Pandora: Your personal DJ

Originally I stumbled across Pandora since it was allegedly a great example of a rich internet application (RIA) using Laszlo Systems application building tools (Laszlo’s RIA page here).

Admittedly it *is* a cool example of an RIA. But man…it is SO much more than that!

Pandora is an application that leverages the Music Genome Project started in 2000 by a group of musicians and music loving technicians who, “…carefully listened to the songs of over 10,000 different artists – ranging from popular to obscure – and analyzed the musical qualities of each song one attribute at a time. This work continues each and every day as we endeavor to include all the great new stuff coming out of studios, clubs and garages around the world.

“Together we set out to capture the essence of music at the most fundamental level. We ended up assembling literally hundreds of musical attributes or “genes” into a very large Music Genome. Taken together these genes capture the unique and magical musical identity of a song – everything from melody, harmony and rhythm, to instrumentation, orchestration, arrangement, lyrics, and of course the rich world of singing and vocal harmony. It’s not about what a band looks like, or what genre they supposedly belong to, or about who buys their records – it’s about what each individual song sounds like.”

Why would you be mesmerized by Pandora like I was?

I was instantly taken with Pandora (and am listening to it as I write this post) since it thematically delivers music that is analogous to my selected artist “station” and the genre in which the music falls. It’s strangely haunting and serendipitously surprising in the way it presents tunes, and is quite compelling in ways music hasn’t been for me previously.

So enamored was I that fired off an email immediately to Pandora…and the founder responded to me last night. My query was surrounding being able to buy multiple tracks vs. one at a time (which causes the listening experience to be interrupted). They’re working on it.

Why would I want to buy multiple tracks (or a stream of them)? I want this experience to go with me. I rarely sit at my computer and listen to tunes…since when I’m here I’m concentrating on work, reading or traversing the ‘net as I think and connect thoughts — and music would be disruptive to all three. That’s why I love my iPod, building my own playlists and listening to podcasts. This Pandora listening experience is so fantastic that I want have *all* my music listening to be just like it, which I can’t really re-create with my own iTunes playlists since I’m the DJ, am creating them and thus know which songs have been selected. The attributes or “genes” of the music Pandora provides is key to matching songs in a station…but to me the serendipity factor of music played by Pandora is the essence of what they’re delivering.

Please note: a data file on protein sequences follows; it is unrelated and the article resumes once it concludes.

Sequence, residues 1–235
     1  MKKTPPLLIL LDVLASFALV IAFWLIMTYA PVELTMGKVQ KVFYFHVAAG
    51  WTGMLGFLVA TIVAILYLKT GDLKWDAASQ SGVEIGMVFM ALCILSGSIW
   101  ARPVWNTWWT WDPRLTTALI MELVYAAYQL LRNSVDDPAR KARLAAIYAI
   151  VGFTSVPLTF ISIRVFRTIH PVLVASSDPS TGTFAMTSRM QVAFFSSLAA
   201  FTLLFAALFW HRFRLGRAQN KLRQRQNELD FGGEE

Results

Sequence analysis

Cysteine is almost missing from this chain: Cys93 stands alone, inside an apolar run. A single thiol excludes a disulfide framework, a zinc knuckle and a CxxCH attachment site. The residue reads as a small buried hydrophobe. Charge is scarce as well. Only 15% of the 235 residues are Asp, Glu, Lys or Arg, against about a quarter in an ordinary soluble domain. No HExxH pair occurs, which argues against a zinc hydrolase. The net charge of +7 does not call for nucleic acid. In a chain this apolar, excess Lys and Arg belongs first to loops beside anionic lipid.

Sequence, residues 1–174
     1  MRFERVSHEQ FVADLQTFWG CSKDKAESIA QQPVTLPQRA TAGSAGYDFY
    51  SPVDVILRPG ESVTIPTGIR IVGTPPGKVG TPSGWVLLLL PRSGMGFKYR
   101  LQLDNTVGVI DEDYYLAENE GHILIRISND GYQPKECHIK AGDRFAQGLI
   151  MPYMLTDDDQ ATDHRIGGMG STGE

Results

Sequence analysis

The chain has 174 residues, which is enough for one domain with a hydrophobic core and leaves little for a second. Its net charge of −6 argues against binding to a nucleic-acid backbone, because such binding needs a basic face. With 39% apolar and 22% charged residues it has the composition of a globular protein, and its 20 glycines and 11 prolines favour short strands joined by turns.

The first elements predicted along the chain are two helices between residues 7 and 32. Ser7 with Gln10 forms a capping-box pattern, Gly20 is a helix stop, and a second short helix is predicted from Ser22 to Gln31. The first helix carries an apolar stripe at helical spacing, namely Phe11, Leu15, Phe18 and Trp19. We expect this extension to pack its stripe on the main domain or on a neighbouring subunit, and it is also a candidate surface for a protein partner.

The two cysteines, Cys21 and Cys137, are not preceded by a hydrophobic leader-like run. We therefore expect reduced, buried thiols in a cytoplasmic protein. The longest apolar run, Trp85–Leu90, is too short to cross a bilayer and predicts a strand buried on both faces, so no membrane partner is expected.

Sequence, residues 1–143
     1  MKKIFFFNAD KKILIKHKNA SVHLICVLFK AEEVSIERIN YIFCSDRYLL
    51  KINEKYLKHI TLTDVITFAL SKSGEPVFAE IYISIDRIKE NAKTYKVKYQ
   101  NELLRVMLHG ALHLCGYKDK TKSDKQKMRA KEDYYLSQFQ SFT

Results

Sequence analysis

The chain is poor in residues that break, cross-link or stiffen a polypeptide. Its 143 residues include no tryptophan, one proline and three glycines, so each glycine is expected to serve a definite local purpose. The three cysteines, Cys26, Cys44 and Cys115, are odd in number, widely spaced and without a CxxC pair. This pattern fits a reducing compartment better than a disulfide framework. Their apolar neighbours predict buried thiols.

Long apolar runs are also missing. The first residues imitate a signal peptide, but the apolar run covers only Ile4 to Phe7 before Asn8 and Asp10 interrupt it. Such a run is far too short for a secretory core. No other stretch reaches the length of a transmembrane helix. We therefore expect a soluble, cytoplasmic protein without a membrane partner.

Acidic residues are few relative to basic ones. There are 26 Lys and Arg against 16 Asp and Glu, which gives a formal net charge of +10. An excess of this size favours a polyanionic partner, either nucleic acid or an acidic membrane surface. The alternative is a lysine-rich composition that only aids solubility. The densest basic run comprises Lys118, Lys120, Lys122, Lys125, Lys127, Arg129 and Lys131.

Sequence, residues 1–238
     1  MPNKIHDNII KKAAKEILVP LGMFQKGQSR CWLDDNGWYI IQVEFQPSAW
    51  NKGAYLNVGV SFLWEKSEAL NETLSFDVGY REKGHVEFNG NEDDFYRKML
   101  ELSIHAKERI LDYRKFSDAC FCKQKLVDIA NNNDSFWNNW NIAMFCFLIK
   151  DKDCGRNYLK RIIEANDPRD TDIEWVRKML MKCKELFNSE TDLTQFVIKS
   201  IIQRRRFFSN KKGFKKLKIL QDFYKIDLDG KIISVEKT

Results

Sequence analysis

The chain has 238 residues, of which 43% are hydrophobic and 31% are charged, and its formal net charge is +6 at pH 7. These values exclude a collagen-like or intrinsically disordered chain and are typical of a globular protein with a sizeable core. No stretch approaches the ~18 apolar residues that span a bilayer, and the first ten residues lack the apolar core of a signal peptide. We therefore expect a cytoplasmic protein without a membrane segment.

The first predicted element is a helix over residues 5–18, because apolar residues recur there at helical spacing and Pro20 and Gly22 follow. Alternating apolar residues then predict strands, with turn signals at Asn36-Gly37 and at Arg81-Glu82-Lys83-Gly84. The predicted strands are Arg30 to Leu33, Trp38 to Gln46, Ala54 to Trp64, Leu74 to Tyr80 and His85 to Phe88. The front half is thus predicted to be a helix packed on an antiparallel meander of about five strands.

Today at the office I showed a couple of people Pandora. One very technical guy I showed said, “Cool! I’d use Audio Hijaack Pro to capture the stream.” Oh geez…that’s exactly what *shouldn’t* happen but inevitably will. Not because people want to steal (well…most of them anyway), but rather because these two expressed that *they’d* want the Music Genome Project-driven Pandora experience to accompany them during their listening time as I do.

There’s got to be a way to adhere to mechanical licenses, pay the record companies, compensate the artists, all while delivering a Pandora experience that could be recorded and owned by the listener. Their price is $36 per year for unlimited listening. Steve Jobs figured out a way to get the record companies to embrace downloading from iTunes and couple it with liberal use that was still DRM’ed but in not too draconian of a way. Maybe there’d be a way to do this with Pandora…even if it could be as simple as being able to record one hour per day as an AAC or mp3. That’s all most people would need I’d think or if not, tier the service.

2 Comments

  1. Tom Conrad on September 1, 2005 at 12:39 am

    Love it that you’re listening to use while you’re writing. That’s the whole idea. You’ve got a great command of the challenges associated with delivering this experience “to go”; glad ot hear you like it so much you want it everywhere. So do we. Stay tuned.

    Tom
    CTO @ Pandora



  2. David Underhill on September 28, 2005 at 6:40 am

    I had problems with the initial player but the support team were happy to keep trying and the new version works a treat.
    I love Pandora and would also like a way to “capture” the music to listen to elsewhere.
    Maybe they could keep a record of the track you say you like and then allow you to use that list to get a collection of tracks (or is that what they are working on already?) from Amazon.



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